Top Candle Alternatives for Scent

While there are many varieties of scented candles on the market, there are also alternatives to scented candles, many of which have the same variety of scents that candles have. Let’s go over some candle alternatives now.

The top candle alternatives for scent are: 

  • Potted Plants/Fresh Flowers
  • Potpourri
  • Reed Diffusers
  • Oil/Wax Warmers
  • Essential Oil Diffusers
  • Incense
  • Air-Freshener Spray/Plug-In Air Freshener

Why You Might Want Alternatives to Candles

While scented candles are nice, there are circumstances where a traditional open flame candle isn’t feasible. Most college dorms and some apartment buildings have rules banning open flames. If you have a particularly rowdy child or pet, you might decide that a traditional candle might be a bad idea. And some people have pyrophobia or don’t want to keep an eye on an open flame.

Some people don’t want their walls to be stained, which can happen with certain kinds of candles, particularly paraffin candles. 

Potted Plants/Fresh Flowers

Flowers are a common scent for candles. Name a flower and there’s probably a candle version of it. If you’re unable to use a candle, why not go for the real thing? Like candles, flowers are available almost anywhere. If you live in the right place, you can probably get them out of the ground and bring them home for free. If not, you can buy them at Wal-Mart or a flower shop. You can either put them in a traditional flower vase or plant them in a pot and have them grow.

This can be a fun family project. You can use this to teach your kids how plants grow and how to take care of them. Though plants are not without their hazards. Vases can fall and leave shards. A potted plant can be knocked over, and the carpet will need to be cleaned, but it is better than fire if you’re worried about that.

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Top Candle Alternatives for Scent

Potpourri has been around since ancient times. The concept is simple: Take a bunch of things that smell good, (flowers, spices, herbs) mix them in a small container, and leave it out in the open. How long it lasts can vary depending on what is in it but usually, it lasts around three months.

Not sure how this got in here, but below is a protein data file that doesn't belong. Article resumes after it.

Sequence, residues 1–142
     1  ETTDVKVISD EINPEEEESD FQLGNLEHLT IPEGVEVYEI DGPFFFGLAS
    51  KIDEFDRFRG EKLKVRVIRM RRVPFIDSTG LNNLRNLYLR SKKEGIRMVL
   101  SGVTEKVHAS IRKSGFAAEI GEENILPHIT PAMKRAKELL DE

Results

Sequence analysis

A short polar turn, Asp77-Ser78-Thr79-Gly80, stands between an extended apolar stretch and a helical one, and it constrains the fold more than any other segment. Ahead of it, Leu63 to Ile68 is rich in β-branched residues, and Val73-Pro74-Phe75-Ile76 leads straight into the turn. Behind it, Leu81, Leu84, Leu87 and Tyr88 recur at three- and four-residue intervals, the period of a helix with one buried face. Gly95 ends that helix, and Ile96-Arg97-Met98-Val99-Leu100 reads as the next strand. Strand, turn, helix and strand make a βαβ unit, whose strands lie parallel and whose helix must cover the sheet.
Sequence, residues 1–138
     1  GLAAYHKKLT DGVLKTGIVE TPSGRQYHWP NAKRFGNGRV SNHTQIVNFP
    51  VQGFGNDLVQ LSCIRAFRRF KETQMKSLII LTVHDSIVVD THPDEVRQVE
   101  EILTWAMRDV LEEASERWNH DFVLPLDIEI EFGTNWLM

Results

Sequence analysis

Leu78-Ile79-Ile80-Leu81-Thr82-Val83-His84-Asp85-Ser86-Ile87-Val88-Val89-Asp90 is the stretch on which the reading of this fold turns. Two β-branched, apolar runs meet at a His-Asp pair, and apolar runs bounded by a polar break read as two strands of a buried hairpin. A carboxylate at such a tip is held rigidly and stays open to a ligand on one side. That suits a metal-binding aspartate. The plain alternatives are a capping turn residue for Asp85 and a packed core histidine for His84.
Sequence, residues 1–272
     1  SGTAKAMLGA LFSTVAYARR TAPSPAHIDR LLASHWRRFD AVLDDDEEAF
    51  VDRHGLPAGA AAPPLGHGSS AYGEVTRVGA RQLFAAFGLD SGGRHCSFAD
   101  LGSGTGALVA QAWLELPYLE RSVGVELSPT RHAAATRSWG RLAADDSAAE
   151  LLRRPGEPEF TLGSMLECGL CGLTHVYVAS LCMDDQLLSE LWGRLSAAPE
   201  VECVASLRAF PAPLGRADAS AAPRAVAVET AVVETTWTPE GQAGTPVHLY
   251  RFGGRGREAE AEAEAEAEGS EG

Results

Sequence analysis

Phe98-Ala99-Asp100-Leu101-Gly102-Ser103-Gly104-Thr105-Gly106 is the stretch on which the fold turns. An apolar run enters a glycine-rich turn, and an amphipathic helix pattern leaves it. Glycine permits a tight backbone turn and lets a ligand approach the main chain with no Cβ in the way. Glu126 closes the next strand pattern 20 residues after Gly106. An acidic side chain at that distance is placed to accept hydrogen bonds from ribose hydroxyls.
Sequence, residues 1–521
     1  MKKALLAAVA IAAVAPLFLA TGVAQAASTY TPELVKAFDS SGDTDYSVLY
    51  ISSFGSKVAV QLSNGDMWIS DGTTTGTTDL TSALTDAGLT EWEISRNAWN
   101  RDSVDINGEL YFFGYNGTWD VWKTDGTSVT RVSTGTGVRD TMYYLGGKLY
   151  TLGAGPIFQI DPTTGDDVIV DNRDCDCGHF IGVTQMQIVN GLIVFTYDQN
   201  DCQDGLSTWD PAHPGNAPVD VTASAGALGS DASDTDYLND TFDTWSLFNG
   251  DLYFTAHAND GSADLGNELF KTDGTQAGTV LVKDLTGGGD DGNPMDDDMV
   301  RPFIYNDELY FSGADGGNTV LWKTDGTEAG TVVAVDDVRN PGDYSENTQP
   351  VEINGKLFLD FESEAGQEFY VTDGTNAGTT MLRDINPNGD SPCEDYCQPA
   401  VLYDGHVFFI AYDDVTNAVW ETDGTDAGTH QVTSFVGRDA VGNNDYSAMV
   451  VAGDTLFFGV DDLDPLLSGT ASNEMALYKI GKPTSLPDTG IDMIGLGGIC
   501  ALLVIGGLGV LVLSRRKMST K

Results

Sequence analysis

You can buy potpourri at many stores. This can be good if you want to get scents out of season or the scents of flowers that don’t grow in your area, but these often have artificial chemicals in them that some people may be sensitive to. It is possible to grow your potpourri in a garden depending on the climate. This can be a good hobby, but you’ll have to be mindful of any allergies’ people in your house have.  

Sometimes you don’t need to buy or do anything. You can make your potpourri from things you have in your kitchen. Things like cinnamon and orange peels for example. Some people even use their slow cookers to make their potpourri. Many slow cooker recipe sites have a section dedicated to making potpourri in your slow cooker.

Reed Diffusers

Reed diffusers are a popular candle alternative. How they work is pretty simple. Take a small bottle of fragrance oil and put reed sticks (traditionally rattan reeds are used) in the oil. The reeds will soak up the oil through their pores and the scent will come out of the top of the reed sticks.

Caring for the diffuser is simple. Put it on top of some paper towels to avoid spills. Fill whatever vessel you’re using (most reed diffusers come with their vessel) about halfway with the essential oil of your choice. Place reed sticks in the oil for a few minutes before flipping them over so the oiled end is in the air. Over time, the reed stick pores will become clogged so you will need to flip the reeds over about once a week. As household dirt accumulates, the reeds will become less effective and will have to be replaced. This typically happens in two months.

The best place to put a reed diffuser is in an area with good circulation but avoid windows, fans, air conditioners, and corners.

Oil/Wax Warmers